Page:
Michel Temer, the vice president and former political ally of ousted Workers Party (Partido dos Trabalhadores—PT) President Dilma Rousseff, formally took control of Planalto, the presidential offices in Brasilia, Thursday, declaring that his would be a government of “national salvation,” and assembling a cabinet of right-wing politicians and capitalist economists from the banking and financial sector.
With the Brazilian Senate having voted that morning after an all-night session to initiate impeachment proceedings against Rousseff, she was suspended from office for the length of a trial that will likely run into September or October. While only a simple majority vote was required to begin this process, the lopsided result was 55 to 22, more than the two-thirds majority that is ultimately required to permanently remove the PT president from office.
Given that the basis of the impeachment charges—Rousseff’s alleged manipulation of budgetary accounts to cover for temporary shortfalls—was clearly contrived as a pretext, a final conviction appears inevitable.
Brazil is the largest country in Latin America and the seventh largest economy in the world. Rousseff received 54 million votes in 2014 when she was reelected to a second term as president. This election has now been overturned through an anti-democratic political conspiracy at the highest level of the Brazilian ruling elite.
In his first speech to the nation, Temer, surrounded by a coterie of smirking politicians from nearly every party outside of the PT, stressed that his government would work to “improve the environment for investment by the private sector” and carry out “fundamental reforms” designed to shift the burden of the country’s profound economic crisis even more directly onto the backs of the masses of Brazilian workers.
There was more than a whiff of fascism in the new interim president’s remarks. He declared that his goal was to “pacify and unify” Brazil and declared that the watchword of his government would be “Ordeme Progresso,” order and progress, the words that appear on Brazil’s flag.
Taken from the French philosopher Auguste Comte, the slogan was first introduced into Brazil’s political lexicon in the late 19th century by leading figures in the military who were influenced by Comte’s positivism. They became a watchword for national unity and suppression of the class struggle, imposed most effectively under the US-backed military dictatorship that ruled the country between 1964 and 1985.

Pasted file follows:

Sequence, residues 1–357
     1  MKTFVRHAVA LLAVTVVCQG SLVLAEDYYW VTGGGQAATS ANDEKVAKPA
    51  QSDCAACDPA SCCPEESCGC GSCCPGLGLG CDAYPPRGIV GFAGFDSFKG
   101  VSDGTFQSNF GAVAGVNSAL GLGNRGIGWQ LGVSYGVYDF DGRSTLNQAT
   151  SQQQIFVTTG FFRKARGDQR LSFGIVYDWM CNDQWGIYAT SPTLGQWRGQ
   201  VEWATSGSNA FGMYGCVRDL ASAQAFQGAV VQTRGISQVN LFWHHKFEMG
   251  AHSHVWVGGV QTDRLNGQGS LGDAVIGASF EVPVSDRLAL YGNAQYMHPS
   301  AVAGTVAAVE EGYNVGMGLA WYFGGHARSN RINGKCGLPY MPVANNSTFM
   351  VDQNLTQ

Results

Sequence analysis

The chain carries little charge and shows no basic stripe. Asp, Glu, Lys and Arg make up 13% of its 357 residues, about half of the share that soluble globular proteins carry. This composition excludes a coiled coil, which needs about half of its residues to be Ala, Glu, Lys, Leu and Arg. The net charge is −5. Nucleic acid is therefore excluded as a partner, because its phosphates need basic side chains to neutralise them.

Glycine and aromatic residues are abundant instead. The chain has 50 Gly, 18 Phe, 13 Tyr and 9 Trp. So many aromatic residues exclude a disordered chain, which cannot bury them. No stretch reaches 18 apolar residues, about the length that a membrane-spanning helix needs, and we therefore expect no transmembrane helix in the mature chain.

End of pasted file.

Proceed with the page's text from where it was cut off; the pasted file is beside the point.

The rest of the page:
Temer’s remarks suggested that Brazil needed to return to these old “values.” The slogan on the flag, he declared, “couldn’t be more current than if it were written today.”
Temer told the assembled audience that he had recently driven past a gas station and seen that its owner had put up a sign reading “Don’t talk about the crisis, work.” He added that he wanted to see this slogan spread to “10, 20 million billboards throughout Brazil.” The slogan, he said served to promote “harmony” and “optimism.”
He spoke these words under conditions in which 11 million workers are now unemployed and layoffs have been continuing at the rate of 100,000 a month. The collapse of the commodities boom and the emerging market boom has plunged the country into its deepest economic crisis in a century.
The answer given by Temer to this crisis is clearly one of sharp austerity measures. He bragged that his first actions had been to slash the number of government ministries and indicated that a large-scale elimination of public sector jobs would follow. He also said that his government was committed to “fundamental reforms,” in the first instance in the country’s social security system and its labor laws.
The cabinet assembled by Temer is a collection of reactionaries and pro-business figures. Among the most important figures is Jose Serra, who has been named foreign minister. Serra is a leading figure in the right-wing PSDB (Brazilian Social Democracy Party) who served as a senator, mayor of Sao Paulo and twice as the unsuccessful candidate of the PSDB, losing to the PT in both 2002 and 2010. Serra was named in US embassy cables released by WikiLeaks as favoring the privatization of the state-owned energy giant Petrobras and the opening up of the so-called pre-salt underwater oil fields to exploitation by major oil firms based in the US.